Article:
On October 1, 1890, President Benjamin Harrison signed an act transferring the responsibilities of the weather service from the Signal Corps to the U.S. Department of Agriculture, establishing the foundation for the new U.S. Weather Bureau that had been laid under the purview of the Signal Corps. On July 1, 1891, the weather stations, telegraph lines, equipment and honorably discharged Signal Corps personnel were transferred to the Department of Agriculture's new civilian Weather Bureau. On July 1, 1907, the bureau offices and primary observation site moved to the Scarritt Building on 9th and Grand.
Between January 1, 1934 and November 2, 1939, portions of the observational program were conducted at both the Post Office Building at the Kansas City Municipal Airport as well as in downtown Kansas City at the New Post Office Building at 315 Pershing Road. On November 2, 1939, the Kansas City office of the Weather Bureau and main observation site migrated to the Administration Building at the Municipal Airport. On June 30, 1940, the U.S. Government transferred the Weather Bureau's operations to the U.S. Department of Commerce.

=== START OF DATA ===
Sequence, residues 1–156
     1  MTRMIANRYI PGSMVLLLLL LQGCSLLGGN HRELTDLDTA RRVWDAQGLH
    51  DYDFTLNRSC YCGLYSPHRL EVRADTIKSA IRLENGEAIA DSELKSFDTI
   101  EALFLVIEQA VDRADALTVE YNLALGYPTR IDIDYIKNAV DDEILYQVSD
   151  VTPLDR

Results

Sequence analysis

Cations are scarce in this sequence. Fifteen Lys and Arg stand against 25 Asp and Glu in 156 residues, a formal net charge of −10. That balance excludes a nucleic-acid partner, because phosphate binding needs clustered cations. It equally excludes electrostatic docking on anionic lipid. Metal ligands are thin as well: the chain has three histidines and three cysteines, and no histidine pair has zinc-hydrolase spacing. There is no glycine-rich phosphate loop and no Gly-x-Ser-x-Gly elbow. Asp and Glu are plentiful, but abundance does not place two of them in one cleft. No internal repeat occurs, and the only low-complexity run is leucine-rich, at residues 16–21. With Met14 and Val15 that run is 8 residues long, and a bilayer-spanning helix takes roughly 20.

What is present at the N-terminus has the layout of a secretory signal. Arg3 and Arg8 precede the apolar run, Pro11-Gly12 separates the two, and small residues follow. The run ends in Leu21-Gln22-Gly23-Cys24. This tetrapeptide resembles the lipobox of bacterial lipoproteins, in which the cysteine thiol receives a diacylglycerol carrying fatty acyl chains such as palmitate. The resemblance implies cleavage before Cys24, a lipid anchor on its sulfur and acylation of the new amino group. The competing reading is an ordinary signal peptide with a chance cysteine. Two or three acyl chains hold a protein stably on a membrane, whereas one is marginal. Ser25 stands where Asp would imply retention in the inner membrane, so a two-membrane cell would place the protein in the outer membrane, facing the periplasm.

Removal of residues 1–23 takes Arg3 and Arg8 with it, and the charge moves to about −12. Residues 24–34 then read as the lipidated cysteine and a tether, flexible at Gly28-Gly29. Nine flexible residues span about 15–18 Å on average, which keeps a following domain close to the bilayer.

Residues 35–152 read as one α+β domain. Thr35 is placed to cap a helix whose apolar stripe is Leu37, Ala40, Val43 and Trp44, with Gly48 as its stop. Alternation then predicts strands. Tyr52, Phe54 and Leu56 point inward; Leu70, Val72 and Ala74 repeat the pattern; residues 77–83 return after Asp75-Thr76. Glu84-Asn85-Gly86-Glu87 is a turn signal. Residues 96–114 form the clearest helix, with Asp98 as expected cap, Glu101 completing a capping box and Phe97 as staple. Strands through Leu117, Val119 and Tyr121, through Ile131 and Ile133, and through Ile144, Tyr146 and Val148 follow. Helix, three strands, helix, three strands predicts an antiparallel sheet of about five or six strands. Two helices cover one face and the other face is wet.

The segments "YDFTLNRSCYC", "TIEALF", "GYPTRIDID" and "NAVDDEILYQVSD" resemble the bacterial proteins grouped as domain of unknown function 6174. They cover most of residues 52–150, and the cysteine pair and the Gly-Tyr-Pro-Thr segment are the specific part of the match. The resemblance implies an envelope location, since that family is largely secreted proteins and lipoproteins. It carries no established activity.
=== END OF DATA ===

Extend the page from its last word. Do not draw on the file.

In 1954, the Severe Local Storms Unit (SELS) – the forerunner of the Storm Prediction Center that was established in March 1952 as the Severe Weather Unit (SWU), an experimental forecasting unit created to provide forecasts for severe thunderstorms and developed the modern-day severe thunderstorm and tornado watch program – relocated its operations from the U.S. Weather Bureau's analysis center in Washington, D.C. to the Kansas City Weather Bureau office at the Municipal Airport; at that time, the unit began disseminating tornado forecasts to the public on a widespread basis, albeit having to undergo a protocol involving the chiefs of the district offices whose regional offices were to be notified to plan to forecast the threat of severe weather and SELS forecasters to determine whether the threat of tornadoes would be mentioned in the public forecast if the threat in question. SELS would ultimately eliminate the end-run that gave the district office chiefs the right of first refusal in deciding whether the threat could be mentioned in the forecasts in 1958, when the Weather Bureau opted to disseminate the SELS-developed forecast to the general public through broadcast and print media.